Everybody needs creative space in their lives… we should all take the time to explore our own personal form of self-expression, whatever that may be. This should not be a luxury, it should be a necessity. Perhaps if more people tried it, the benefits would be felt.

I felt deeply energised by the experience that night and woke in the morning feeling optimistic about what’s to come.

I have no idea what is coming next (so many ideas, it can be hard to choose), but I have a feeling it’s going to be great!

If you would like to take part in the next workshop or if you are interested in hosting a workshop in your own home, please do get in touch… I would love to hear from you!

Warmest wishes from a very chilly North London,
Julia x

Getting creative on the daily commute

My long train journeys from North London to Chichester have become more regular this month as we move closer to the opening of the Outside In Step Up exhibition in the studio at Pallant House Gallery and the launch of the Outside In Step Up trail, both of which conclude the research project I have been running at the gallery for the past three years.

Since starting work on this challenging, yet deeply rewarding project, I have had the pleasure of working with a wonderful group of artists who have delved deep into the collections at Pallant House to discover artists whose works and stories resonate with their own lives and experiences. Through a process of research and development of their own work, a variety of personal responses are almost ready to be shared in the form of workshop packs, written work, poetry, audio descriptions and photography. It has been a big learning curve for me to run a project so very different to anything I have done before, but that offered me the opportunity to use my existing skills and develop new ones whilst supporting others to explore and grow.

I have not yet found the opportunity to do such fulfilling work close to home, so my work at Pallant House Gallery involves a 3 hour commute each way. The journey is less than weekly, but even so, it is a big chunk of the day and I have long been seeking the best way to pass the time. I have tried a number of things: preparation, relaxation, reading, writing, sleeping, talking to strangers, but few felt as satisfying as my journey home yesterday.

Whilst setting up the studio show, I went through lots of photographs of people taking part in workshops and number of original artworks as well. Seeing all of these pictures of people engaged in creative activity and holding the results of these art workshops in my hands, I was desperate to make something on my journey home. I borrowed some lino cutting tools; acquired a piece of soap and spent my journey from Chichester to London Victoria carving a bar of soap into a little sculpture. I am not yet sure if it is finished, but I am certain that this is an activity I will take up again. The pleasure of doing something creative at the end of my working day; the joy of using that often-wasted time to make a work of art made me feel happy and relaxed.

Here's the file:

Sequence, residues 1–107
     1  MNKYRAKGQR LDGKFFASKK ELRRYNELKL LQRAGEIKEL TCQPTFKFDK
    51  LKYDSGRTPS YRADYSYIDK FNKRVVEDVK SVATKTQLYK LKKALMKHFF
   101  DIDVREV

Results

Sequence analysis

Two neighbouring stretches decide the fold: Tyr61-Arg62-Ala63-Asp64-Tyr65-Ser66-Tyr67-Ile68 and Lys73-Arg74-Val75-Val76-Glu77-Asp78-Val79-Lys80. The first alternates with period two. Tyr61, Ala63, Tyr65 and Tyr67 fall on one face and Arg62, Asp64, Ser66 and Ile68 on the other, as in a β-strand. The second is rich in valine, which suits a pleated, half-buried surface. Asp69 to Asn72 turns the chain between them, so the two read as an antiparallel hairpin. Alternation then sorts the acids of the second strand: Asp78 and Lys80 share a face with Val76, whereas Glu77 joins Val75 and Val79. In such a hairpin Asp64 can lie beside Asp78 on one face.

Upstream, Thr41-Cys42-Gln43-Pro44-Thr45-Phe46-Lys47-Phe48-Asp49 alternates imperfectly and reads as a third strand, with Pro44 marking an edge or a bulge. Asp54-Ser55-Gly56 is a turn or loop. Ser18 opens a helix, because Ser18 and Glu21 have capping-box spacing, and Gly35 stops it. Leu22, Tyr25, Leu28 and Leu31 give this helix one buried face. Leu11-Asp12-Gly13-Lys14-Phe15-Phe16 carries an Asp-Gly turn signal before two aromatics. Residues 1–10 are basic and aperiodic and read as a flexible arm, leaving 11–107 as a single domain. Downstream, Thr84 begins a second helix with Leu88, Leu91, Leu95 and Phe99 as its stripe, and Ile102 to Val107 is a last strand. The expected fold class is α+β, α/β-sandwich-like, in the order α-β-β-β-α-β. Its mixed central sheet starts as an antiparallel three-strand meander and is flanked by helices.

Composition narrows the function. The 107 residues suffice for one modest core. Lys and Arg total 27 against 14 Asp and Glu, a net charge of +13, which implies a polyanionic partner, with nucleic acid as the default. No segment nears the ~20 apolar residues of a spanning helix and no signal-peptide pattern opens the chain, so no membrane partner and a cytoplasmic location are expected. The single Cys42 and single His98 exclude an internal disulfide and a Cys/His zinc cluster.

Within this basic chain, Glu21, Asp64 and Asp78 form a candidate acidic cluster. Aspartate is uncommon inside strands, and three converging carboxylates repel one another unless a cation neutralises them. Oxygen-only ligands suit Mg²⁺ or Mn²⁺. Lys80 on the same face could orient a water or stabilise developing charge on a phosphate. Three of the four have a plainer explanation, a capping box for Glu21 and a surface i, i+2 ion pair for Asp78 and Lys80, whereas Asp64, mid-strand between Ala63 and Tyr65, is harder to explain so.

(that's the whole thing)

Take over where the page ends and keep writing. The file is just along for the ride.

It also made me think of how I used to spend my long commutes from Arnos Grove to Hammersmith some 15 years ago. Some days I would draw; others I would embroider. The journey was an hour, from my home to my place of work and I regularly found a way to inject some creativity into the beginning and end of each working day. Whilst at Uni, I used to draw… big black marker portraits of underground passengers, attempting to create some sort of cartoon-likeness without them noticing that I had one eye on their face, another on my paper. And notice they did from time to time, but nobody minded and I took great pleasure in making art on the move; being creative in what would otherwise have been dead-time. I filled my workspace with them… my fellow passengers. They inspired some of my ceramics and paintings.

So I resolve, once again, to use those windows of time to get creative. I will draw, make, sew, carve, create.

It only takes a moment to give your creativity a BIG boost.

Have you ever used your commute to create? What did you make?

What are the moments in your day that could be spent creating? How will you spend them?

Keep a little sketchbook and pen in your handbag and create a small sketch whilst waiting for friends to arrive at the café.
Half an hour spent embroidering each way on your commute each day = 5 hours in a week alone.

What will you do?

Carved Soap Sculpture

Carved Soap Sculpture

Mixing it up

A beautiful day today.
An Autumn’s on its way day.